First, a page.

I’ve got a confession to make… by Dan O’Shea

Though he’s been known in crime fiction circles for quite some time, both for his own short story work (see, Old School) as well as his amazing readings of other people’s work (most notably, Steve Weddle‘s Oscar Martello stories), Dan O’Shea hit a milestone this week when his first full-length novel, Penance, was released by Exhibit A. Dan is truly one of the good guys, and it’s my extreme pleasure to welcome him for a guest post to celebrate the occasion of Penance’s release.

Some Ruminations on Short Fiction by Dan O'SheaI’ve seen some of the early reviews of PENANCE. One of the things I look for is what the reviews have in common. If there’s something, good or bad, that’s showing up in most of them, then it’s worth considering.

And one thing that’s popped up a fair amount is Chicago’s key role in the book – that it’s more than just the setting, that it is almost a character. I’m glad to see that. And a little worried.

‘Cause I made some stuff up. And I started with the very first scene.

I was just starting out, and I knew what I wanted. I wanted this old woman being blown away just stepping out of church after going to confession – and being blown away from a long ways off. That was causing problems. Because I didn’t know a specific church where I could set that scene. I knew it had to be a Catholic church. I knew I wanted it on the northwest side of the city. Now, I know the city pretty well, but it’s not like I know every church in town. I mean c’mon, there are 356 parishes in the Chicago archdiocese. So I started Googling, and then Google Earth-ing, trying to find exactly the right one.

I was wasting a lot of time. Then it hit me. Just make one up. It’s not like the Chicago in my book is a carbon copy of the one in real life. I mean yeah, there’s a dynastic Irish family running the mayor’s office and the political machine in my book and there sure was one in real life. But in real life, the succession from one Daley to another was interrupted by three different intervening administrations. Hell, Little Richie even lost the primary his first time out. And neither Daley ever had anyone killed as far as I know. Daley Sr. never had a dead son chopped up with an ax. I was already making stuff up.

So I made up a church. A few of them, actually. Could I have found real ones that suited my needs? I dunno, maybe. But I decided that level of specificity was unnecessary. The primal role that parish plays for many in the city is still there, it’s just in a made up parish dropped into a real city.

Penance by Dan O'SheaIt was the idea of the city I had to be true to, not its addresses.

Still, I’m half expecting a one-star Amazon review from an irate Chicagoan who’s pissed that I dropped a fake church into his neighborhood. But if I’d picked a real church, I’d probably have to take some kind of liberties with the setting anyway, just to make the shot I had in mind possible.

What it really comes down to is time and resources. If I were a full-time novelist, maybe I’d grab a map of the city, mark all the churches in a general area and spend a few days driving around, finding exactly what I needed. But I’m not so I didn’t.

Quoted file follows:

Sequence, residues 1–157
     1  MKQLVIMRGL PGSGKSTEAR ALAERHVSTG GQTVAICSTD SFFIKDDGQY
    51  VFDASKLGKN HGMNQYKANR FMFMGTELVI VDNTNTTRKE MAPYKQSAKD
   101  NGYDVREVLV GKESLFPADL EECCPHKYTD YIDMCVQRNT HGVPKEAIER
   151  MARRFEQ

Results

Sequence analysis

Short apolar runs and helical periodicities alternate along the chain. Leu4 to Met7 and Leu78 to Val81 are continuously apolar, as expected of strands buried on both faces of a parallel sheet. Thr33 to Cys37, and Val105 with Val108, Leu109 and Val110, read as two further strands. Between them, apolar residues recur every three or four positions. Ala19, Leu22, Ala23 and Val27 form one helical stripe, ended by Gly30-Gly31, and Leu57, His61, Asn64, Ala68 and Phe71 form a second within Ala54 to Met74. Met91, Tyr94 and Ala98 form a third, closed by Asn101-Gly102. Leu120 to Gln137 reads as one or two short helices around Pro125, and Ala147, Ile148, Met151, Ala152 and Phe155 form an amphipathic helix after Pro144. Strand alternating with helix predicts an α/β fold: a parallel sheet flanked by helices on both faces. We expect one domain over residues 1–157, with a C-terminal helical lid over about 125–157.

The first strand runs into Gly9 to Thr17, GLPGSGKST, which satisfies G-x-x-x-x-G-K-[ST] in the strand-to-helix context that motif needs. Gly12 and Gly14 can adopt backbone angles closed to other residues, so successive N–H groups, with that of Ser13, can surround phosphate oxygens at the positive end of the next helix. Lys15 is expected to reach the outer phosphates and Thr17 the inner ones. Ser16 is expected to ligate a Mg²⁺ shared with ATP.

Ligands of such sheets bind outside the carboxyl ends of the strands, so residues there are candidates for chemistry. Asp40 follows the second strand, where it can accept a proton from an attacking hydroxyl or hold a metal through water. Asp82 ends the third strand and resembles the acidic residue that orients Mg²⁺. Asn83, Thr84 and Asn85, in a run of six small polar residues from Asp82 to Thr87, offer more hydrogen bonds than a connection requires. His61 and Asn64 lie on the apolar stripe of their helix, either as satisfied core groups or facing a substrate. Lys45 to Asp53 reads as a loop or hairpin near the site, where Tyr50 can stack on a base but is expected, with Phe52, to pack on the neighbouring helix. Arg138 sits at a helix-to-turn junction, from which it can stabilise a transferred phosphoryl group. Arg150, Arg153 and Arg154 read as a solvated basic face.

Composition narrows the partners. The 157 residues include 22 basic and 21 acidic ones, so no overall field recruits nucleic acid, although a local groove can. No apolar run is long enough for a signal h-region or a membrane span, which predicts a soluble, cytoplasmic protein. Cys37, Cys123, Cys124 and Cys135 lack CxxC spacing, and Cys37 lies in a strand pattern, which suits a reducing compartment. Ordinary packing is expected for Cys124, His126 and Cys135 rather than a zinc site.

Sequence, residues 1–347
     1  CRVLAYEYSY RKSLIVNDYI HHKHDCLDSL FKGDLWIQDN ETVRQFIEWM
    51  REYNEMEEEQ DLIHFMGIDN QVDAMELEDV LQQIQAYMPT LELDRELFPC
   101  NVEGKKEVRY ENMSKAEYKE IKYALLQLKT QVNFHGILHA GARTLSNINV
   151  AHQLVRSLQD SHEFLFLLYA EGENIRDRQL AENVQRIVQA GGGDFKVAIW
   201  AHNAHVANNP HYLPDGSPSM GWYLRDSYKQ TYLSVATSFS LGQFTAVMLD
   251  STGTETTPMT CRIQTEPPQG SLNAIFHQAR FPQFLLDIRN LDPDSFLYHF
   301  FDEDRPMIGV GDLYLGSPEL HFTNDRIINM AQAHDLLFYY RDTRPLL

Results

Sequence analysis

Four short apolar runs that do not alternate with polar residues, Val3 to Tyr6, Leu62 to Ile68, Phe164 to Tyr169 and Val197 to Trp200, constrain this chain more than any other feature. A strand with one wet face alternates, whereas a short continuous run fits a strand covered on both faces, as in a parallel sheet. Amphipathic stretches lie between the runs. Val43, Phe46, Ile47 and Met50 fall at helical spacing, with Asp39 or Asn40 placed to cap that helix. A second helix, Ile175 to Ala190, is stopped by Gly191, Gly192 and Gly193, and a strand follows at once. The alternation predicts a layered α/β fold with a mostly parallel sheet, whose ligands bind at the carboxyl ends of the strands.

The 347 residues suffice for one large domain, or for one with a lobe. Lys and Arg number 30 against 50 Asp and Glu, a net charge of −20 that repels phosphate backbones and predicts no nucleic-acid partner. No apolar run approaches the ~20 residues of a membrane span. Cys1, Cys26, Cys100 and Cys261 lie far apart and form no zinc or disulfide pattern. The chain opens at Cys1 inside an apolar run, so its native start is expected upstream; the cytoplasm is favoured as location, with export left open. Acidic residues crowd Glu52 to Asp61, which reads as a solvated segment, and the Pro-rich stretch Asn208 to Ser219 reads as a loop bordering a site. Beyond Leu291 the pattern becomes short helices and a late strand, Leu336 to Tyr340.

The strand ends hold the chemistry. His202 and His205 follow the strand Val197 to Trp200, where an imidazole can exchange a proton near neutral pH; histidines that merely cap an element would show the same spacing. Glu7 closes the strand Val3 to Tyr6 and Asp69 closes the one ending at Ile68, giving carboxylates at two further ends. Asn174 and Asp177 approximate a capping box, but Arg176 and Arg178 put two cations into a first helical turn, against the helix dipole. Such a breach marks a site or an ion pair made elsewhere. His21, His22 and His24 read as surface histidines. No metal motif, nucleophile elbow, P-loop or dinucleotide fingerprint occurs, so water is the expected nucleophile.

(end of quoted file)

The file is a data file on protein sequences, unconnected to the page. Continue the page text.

So there’s my confession – I got an old lady getting wasted after saying her confession in a church that doesn’t exist except in my imagination.
Setting has to serve the story – so sometimes you have to bend it a little to make it fit.

If you read PENANCE and you know Chicago, I’m thinking you’ll recognize the city, the sense of it. That I got it right in the ways that matter.

Just don’t use it to pick where you’re going to Mass.

Penance is available from Exhibit A (ISBN: 978-1909223134).

Dan O’Shea is a Chicago-area crime writer represented by Stacia Decker at the Donald Maass Literary Agency. His novel Unto Caesar is currently being circulated to all the usual suspects. His short fiction has appeared in Crimefactory, the Discount Noir anthology, and in an upcoming issue of Needle. His collection of short stories, Old School, is available from Snubnose Press. You can find out more about Dan at his blog, Going Ballistic.


  • Jim WIlsky

    May 3, 2013 - 2:41 PM


    Being an Illinois boy myself, although born a downstate hick, I have literally spent decades in and around the city. Worked there and lived there. Ate and drank at about a ten thousand great restaurants both dives to dining , and stumbled out of taverns and bars. About half way through Penance and it’s just terrific. Like Kent said, you know the city and you got the city. Got it right. It just has a couple new churches. Back in the late 80’s I was looking for a bar close to Navy Pier and asked somebody on the street. The guy says, “Yeah, yeah, it’s over by dare.” And he pointed. So hey, you’re good.

  • Dan O'Shea

    May 3, 2013 - 2:34 PM

    Kent –

    Oh, Fred Hampton was murdered clear enough, and that actually plays a role in my book.


  • sabrina ogden

    May 3, 2013 - 2:07 PM

    Great interview, my friend. And I love this photo!

  • Morgan

    May 3, 2013 - 2:00 PM

    Great interview. Great picture too!

  • Kent Gowran

    May 3, 2013 - 1:25 PM

    I’d say you got the feel of the city down cold, Dan. I may not be a native, but I’ve been here 23 years now, which is more than half my life at this point, so I think I can go ahead and say that.

    There were always rumors about the elder Daley having a certain radical leader murdered, but never any concrete evidence (so far as I know). Which is the magic of the Daley bunch, I suppose.

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